· In 2017, the connection of 7 districts in North-Western Province and one District in Western Province.

Government also created an enabling environment for independent power producers to undertake the following projects:
· 300 MW Mamba Collieries Ltd (MCL);
· 120 MW Itezhi-tezhi Power Corporation (ITPC);
· 54 MW Bangweulu’s Solar Park;
· 105 MW Ndola Energy Company (NEC) thermal power plant capacity
· 56 MW Lunsemfwa hydro power company.
· 34 MW Ngonye solar PV plant.
· 0.75 MW Zengamina Power Company (ZPC); and
· North-Western Energy Company and Supply of Electricity.

Following the successful implementation of these projects, Government in 2017 again embarked on the Electricity Services Access Project (ESAP) aimed at connecting rural communities to electricity.
In his address to the Fifth Session of the Twelfth National Assembly on Progress Made in the Application of National Values and Principles on 12th February, 2021, President Edgar Chagwa Lungu informed the nation that to improve the quality of life for Zambians without leaving anyone behind, implementation of the Electricity Service Access Project was going on well.

The Head of State said by the end of 2020, the number of beneficiary households stood at 29,968 out of which 9,082 were female-headed.

“Once completed 38,296 households in rural areas will have access to electricity. Further, Government is implementing other projects to increase access to electricity in rural areas. This Government cares,” President Lungu said.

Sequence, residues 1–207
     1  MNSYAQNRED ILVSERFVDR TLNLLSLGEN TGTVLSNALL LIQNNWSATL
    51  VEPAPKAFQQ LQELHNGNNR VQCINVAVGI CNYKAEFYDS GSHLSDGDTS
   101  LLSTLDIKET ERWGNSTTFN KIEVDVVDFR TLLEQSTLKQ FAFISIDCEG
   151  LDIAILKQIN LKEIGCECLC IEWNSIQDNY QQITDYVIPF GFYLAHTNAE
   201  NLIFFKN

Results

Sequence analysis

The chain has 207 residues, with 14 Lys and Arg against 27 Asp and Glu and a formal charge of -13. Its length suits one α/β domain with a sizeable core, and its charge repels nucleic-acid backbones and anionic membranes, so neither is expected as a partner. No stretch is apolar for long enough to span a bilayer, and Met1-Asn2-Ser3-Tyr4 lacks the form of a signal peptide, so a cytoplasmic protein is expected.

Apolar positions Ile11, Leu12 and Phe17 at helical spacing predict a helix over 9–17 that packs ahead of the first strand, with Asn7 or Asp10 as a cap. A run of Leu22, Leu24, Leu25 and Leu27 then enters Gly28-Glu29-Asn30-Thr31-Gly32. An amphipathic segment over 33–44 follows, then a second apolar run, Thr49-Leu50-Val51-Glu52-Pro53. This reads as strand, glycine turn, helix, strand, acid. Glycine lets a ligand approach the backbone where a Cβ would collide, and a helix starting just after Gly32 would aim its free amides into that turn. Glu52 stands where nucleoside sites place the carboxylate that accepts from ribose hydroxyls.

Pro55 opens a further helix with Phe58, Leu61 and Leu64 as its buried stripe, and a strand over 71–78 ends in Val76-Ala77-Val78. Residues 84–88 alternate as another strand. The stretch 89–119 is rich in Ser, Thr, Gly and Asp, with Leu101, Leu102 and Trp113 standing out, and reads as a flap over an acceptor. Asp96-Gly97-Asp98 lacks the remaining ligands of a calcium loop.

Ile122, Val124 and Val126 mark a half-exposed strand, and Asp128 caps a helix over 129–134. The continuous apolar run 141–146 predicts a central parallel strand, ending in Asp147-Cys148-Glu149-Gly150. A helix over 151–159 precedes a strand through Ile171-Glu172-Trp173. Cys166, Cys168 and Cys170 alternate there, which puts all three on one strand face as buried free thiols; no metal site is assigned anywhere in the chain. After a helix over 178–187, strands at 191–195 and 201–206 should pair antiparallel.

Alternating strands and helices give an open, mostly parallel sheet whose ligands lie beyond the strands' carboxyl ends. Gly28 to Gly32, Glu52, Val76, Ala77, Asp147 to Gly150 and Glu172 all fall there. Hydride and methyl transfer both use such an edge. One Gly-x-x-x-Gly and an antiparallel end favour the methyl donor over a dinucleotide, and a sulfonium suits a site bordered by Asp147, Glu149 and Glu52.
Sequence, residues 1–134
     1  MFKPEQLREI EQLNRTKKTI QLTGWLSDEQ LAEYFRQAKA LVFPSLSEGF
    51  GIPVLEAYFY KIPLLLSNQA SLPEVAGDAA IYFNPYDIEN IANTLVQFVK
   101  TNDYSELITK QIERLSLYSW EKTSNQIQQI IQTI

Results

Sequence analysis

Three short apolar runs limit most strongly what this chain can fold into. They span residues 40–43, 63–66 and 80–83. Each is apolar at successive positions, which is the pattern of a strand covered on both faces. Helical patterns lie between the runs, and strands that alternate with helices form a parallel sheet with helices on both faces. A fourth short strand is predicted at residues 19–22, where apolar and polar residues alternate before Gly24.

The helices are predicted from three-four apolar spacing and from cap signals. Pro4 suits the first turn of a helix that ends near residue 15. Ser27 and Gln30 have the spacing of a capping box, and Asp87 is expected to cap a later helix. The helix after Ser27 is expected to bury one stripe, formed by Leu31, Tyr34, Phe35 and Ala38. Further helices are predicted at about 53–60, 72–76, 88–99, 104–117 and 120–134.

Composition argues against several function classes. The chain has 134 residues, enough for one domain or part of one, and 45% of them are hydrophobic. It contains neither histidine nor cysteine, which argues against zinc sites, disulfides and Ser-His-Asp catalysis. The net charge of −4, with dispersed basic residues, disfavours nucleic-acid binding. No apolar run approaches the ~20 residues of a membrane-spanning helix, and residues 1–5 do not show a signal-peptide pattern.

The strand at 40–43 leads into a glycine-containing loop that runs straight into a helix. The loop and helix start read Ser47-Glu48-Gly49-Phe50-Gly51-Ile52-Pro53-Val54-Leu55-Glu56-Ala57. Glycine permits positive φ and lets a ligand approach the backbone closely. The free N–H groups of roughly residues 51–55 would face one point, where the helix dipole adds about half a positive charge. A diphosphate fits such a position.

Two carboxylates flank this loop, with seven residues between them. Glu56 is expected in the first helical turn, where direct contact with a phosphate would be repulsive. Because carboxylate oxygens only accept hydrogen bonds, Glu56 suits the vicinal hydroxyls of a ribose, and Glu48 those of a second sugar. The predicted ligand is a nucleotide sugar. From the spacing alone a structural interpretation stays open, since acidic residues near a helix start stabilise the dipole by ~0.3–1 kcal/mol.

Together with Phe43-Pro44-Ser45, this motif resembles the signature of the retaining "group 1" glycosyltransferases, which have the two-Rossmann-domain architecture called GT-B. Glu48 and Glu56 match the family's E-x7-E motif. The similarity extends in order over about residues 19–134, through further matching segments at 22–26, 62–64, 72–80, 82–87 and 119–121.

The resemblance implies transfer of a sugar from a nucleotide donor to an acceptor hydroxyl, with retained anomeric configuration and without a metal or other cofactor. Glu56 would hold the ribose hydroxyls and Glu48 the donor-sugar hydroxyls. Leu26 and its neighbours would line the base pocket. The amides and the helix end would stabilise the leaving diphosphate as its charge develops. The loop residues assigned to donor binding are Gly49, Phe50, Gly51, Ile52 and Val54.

In line with Government’s vision to diversify the generation mix to mitigate climatic challenges, the PF Government embarked on the development of renewable solar power as an alternative to the country’s hydro power resources.

In collaboration with the World Bank, Government has since promoted the construction of two renewable Solar Plants in Lusaka Multifacility Economic Zone at a combined 82 MW of power under the scaling solar phase 1 Project, which is currently being fed into the National Grid.

The PF Government is also supporting a 600MW renewable Solar Project, which is another Public Private Partnership (PPP) endeavour between Zesco and PowerChina. The total cost of this project is estimated at US$548 million and is expected be commissioned in next year.

In conclusion, the Government under the leadership of President Lungu intends to build on these remarkable successes by transforming Zambia into a regional electricity hub by increasing power generation.
This is in line with the PF manifesto 2021-2026 themed “Making Every Zambian Count- Continuity for a Prosperous, Peaceful Stable and an All-Inclusive Zambia.”

This will result further improve the quality of supply domestically, thereby having excess power for exports market.

Evidently, load shedding is now a thing of the past and Zambia under the leadership of President Lungu is on the right development trajectory